BLOOD FROM A STONE Ann Dowd as Margaret and Ethan Hawke as Travis
Credit: Monique Carboni

Blood from a Stone

There’s something thrilling about seeing something as completely fresh and unexpected as Blood From a Stone, a debut play of great promise by a former Marine and sometime actor named Tommy Nohilly now being performed in a solid New Group production at Off Broadway’s Acorn Theater. The semiautobiographical play depicts a volatile, violence-prone working-class family in New Britain, Conn., that’s as shaky as the set: the interior of a family home that’s clearly seen better days (and that takes quite a beating during the course of the evening). There’s a missing kitchen cabinet (and unfaded wallpaper to underscore its absence), water-stained ceiling tiles, and furniture that any half-decent thrift store would reject.

Margaret (Ann Dowd), a nurse working mostly on the night shift, and her hothead of a husband, Bill (NYPD Blue‘s Gordon Clapp, full of bluster), have been unhappily married for years, and they tear into each other as only an old married couple can. Their grown son Travis (Ethan Hawke) has come home for a brief, pre-Christmas visit from New York, where he’s quietly left his job and secretly planned a cross-country trip to start over again in California. But Travis soon discovers that all is decidedly not well on the home front: not for his parents; not for his married sister, Sarah (Natasha Lyonne), a nurse like her mother; and certainly not for his ne’er-do-well younger brother, Matt (Thomas Guiry), who’s gotten in way over his head by building up gambling debts and cheating on his wife with a married woman.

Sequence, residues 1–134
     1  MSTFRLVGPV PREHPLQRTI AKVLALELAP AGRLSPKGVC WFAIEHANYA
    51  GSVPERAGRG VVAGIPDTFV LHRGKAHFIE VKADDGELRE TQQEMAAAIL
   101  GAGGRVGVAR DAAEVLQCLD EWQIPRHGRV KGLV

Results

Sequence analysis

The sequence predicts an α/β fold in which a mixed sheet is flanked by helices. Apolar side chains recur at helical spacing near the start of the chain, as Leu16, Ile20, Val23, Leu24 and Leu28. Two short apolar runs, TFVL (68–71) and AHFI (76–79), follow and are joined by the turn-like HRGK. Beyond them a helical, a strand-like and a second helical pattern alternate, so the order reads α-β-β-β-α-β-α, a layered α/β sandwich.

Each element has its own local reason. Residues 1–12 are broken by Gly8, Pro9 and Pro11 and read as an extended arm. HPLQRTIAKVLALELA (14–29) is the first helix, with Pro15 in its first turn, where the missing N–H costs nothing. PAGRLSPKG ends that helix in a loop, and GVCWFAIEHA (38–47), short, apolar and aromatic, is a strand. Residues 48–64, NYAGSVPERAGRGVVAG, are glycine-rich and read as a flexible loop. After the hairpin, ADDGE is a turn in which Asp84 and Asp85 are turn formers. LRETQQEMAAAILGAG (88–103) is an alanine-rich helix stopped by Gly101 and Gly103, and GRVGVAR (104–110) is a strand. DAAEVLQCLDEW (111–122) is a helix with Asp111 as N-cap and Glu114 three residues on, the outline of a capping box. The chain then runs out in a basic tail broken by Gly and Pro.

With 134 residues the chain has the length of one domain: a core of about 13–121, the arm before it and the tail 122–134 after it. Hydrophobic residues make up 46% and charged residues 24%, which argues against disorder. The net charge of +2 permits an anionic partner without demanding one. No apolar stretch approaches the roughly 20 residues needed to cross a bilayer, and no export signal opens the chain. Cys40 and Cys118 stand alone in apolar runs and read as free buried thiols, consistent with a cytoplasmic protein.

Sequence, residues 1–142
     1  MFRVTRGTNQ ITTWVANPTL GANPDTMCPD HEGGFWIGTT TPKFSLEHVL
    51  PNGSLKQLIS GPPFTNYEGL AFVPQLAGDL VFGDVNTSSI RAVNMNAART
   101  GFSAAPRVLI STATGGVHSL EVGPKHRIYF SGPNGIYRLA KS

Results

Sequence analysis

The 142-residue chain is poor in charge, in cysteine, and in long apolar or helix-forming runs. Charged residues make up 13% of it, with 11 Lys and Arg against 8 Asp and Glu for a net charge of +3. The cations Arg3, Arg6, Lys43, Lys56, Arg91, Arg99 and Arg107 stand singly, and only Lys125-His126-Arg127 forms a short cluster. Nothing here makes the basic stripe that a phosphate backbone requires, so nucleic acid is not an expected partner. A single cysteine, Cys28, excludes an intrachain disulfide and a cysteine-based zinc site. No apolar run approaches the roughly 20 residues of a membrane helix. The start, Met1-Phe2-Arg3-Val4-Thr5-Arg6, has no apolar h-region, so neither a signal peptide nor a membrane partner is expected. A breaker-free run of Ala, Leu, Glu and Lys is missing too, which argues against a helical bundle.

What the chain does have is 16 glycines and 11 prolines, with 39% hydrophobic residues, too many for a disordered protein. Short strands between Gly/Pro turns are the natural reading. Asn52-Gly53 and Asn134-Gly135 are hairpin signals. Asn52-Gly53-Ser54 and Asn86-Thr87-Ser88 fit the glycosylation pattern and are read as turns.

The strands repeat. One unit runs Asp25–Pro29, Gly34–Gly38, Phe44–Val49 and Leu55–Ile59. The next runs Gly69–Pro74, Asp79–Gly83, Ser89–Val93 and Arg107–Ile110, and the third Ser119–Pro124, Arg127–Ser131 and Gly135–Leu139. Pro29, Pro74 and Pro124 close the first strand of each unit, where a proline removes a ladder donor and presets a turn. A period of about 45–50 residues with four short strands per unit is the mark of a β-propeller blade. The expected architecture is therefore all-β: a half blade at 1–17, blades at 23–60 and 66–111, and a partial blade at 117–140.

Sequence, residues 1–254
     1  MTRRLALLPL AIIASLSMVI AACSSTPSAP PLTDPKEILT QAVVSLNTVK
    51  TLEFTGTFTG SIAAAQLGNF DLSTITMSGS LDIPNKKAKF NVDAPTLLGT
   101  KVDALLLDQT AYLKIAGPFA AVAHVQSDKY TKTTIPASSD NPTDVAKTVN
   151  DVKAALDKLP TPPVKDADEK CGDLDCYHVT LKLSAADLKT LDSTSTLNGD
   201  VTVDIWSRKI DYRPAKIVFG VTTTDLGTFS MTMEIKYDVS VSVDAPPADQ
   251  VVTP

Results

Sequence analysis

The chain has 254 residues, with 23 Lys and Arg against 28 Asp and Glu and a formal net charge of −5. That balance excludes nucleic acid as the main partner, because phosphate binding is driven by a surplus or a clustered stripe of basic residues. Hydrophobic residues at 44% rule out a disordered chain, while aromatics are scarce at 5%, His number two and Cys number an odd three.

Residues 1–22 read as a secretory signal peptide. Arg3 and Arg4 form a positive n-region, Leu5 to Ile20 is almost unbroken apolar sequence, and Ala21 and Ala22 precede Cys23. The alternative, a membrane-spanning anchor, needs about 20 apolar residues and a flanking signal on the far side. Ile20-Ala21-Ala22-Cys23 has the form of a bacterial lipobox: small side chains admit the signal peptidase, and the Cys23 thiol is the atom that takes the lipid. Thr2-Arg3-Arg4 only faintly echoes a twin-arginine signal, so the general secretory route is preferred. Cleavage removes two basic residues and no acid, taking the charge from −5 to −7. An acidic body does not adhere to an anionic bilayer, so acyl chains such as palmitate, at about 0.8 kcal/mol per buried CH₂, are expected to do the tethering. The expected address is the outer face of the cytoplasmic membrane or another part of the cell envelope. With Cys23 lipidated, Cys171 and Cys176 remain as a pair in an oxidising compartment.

Nohilly’s dialogue captures the real verbal rhythms of conversations among family, the ways that relatives can share facts about their lives while leaving out critical details, or exploit any signs of weakness in each other in the interest of one-upmanship or jealousy or long-nursed resentments. He dishes up a healthy serving of plot, too, with the exposition cleverly parceled out over the course of the show’s five scenes instead of during one heaping plateful at the beginning.

But there’s also a slightly overstuffed quality to Blood From a Stone, which would benefit from some judicious pruning to its most basic elements. It’s as if Nohilly has not had time to process his still-raw family experiences and reshape them into a fully coherent new narrative. Despite a very good and believable performance by Hawke, Travis remains a bit of a passive cipher for much of the show, and so his final, fateful decisions don’t carry quite the weight that they might otherwise. Director Scott Elliott’s pacing can be an issue, too, and a fleeter production might mask some of its more jagged aspects.

But it seems only fitting that this show is a little rough around the edges, because its characters live far from the polished perfection of the A.R. Gurneys or Jon Robin Baitzes of the stage world. This is more Sam Shepard country. And because of that working-stiff authenticity, Nohilly manages to pack a considerable punch in Blood From a Stone. With a little more training, this first-time playwright could be a real heavyweight contender. B

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Blood from a Stone
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